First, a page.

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Albany, first heal thyself Silver aware of aide's behavior before it resulted in $500,000 taxpayer bill

Many New York State taxpayers probably missed that they'd agreed to pay $500,000 to settle a lawsuit for sexual assault by a top aide to Assembly Speaker Sheldon Silver.

A female Assembly staffer accused Silver's chief counsel, J. Michael Boxley, of raping her June 10, 2003, after the two went drinking. Boxley denied the charges, but later pleaded guilty to one count of sexual misconduct, received a sentence of six years of probation and a fine. Also, his name went from Silver's tight hierarchy of power to the state's sex offender registry. In 2001, another female Assembly staffer had accused Boxley, 44, of sexually assaulting her.

In the lawsuit just settled, a now 24-year-old staffer alleged Silver improperly left Boxley in place after the 2001 allegation anyway. It also accused Silver and the Assembly of "tolerating a culture of sexual harassment in the workplace." The plaintiff's attorney, Hillary Richard, noted the Assembly settled for a huge chunk of change. They also settled rather than see the inner workings of the speaker's office displayed before a jury and the public in court.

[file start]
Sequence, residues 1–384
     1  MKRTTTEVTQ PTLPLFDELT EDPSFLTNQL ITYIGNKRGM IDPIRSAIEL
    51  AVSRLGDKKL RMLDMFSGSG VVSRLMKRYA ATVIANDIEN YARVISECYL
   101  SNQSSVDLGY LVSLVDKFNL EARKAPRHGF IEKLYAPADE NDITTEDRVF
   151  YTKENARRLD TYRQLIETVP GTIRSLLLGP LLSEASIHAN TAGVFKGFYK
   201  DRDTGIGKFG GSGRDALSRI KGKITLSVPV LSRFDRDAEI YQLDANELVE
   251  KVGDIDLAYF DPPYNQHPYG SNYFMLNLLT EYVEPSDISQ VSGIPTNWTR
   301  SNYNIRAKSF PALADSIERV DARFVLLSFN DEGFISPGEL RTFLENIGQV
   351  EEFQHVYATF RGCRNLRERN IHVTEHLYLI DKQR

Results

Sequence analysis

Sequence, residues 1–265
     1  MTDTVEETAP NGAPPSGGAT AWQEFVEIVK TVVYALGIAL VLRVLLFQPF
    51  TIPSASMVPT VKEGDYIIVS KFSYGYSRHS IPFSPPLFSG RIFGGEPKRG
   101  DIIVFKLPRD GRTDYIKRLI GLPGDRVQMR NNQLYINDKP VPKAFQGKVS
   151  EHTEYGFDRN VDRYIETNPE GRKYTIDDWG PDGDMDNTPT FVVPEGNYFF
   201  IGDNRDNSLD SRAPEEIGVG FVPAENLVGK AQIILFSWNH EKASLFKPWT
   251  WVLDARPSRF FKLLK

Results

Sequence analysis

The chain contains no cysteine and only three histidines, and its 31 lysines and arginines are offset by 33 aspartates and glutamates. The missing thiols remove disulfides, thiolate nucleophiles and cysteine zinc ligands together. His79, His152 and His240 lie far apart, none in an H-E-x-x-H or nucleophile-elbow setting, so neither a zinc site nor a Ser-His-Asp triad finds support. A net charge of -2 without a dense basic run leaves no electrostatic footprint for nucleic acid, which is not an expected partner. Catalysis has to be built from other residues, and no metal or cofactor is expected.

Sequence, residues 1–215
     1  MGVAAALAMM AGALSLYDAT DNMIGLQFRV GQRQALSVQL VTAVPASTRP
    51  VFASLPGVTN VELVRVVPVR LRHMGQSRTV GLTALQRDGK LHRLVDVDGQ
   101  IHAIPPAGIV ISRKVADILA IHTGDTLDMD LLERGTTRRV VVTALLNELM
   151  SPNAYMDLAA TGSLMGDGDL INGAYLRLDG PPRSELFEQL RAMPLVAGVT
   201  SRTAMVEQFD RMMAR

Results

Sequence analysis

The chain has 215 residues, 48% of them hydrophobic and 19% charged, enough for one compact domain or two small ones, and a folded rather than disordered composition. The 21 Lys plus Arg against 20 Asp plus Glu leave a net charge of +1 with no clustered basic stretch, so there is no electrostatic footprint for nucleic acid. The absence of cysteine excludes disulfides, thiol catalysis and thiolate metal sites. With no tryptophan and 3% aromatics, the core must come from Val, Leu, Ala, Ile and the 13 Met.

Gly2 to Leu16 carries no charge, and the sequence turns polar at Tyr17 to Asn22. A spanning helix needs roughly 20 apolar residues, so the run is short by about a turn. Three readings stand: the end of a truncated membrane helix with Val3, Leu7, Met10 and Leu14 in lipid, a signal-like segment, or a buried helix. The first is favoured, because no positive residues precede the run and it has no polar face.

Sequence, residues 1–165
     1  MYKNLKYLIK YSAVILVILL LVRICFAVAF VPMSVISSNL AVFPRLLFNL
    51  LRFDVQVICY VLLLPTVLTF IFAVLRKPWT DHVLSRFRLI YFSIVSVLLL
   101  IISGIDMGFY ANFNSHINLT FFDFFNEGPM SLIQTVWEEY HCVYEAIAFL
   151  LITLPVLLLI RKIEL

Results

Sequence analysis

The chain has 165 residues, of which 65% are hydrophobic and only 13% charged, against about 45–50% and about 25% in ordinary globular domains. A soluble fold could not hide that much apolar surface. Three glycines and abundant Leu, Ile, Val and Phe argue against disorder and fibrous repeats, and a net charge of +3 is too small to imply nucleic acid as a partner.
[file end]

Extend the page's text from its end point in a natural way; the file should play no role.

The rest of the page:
Silver and the Assembly are in the midst of trying to pass tougher sex-offender laws this session. Start at home: The lawsuit argued that Silver should have acted after the 2001 complaint. Then, he denied a request to appoint an independent investigator to look into the woman's accusations against Boxley. Silver instead assigned another one of his aides, who Boxley regularly worked with.

This from the only Democrat among Albany's Big Three, a lawyer and a person who should know better. This all occurred in an Albany atmosphere where Boxley's case was not unique. As documented by News reporter Tom Precious and others over the years, Albany remains a place where powerful men, away from home and families for long periods of time, are not always on their best behavior around young women who owe them their jobs.

Once again, Albany also shows little concern for the people who pay its bills, support its perks and bankroll its excesses -- the taxpayers.

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